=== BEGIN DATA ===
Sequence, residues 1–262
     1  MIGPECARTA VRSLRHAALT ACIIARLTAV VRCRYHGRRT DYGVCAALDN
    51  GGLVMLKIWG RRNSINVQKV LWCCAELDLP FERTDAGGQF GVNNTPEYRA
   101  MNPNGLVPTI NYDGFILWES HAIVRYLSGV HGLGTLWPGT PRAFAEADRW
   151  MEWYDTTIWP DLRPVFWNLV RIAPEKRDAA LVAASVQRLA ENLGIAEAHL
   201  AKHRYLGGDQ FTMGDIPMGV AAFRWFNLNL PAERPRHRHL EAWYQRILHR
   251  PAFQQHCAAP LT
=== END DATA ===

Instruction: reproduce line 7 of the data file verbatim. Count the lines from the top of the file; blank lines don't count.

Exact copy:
   251  PAFQQHCAAP LT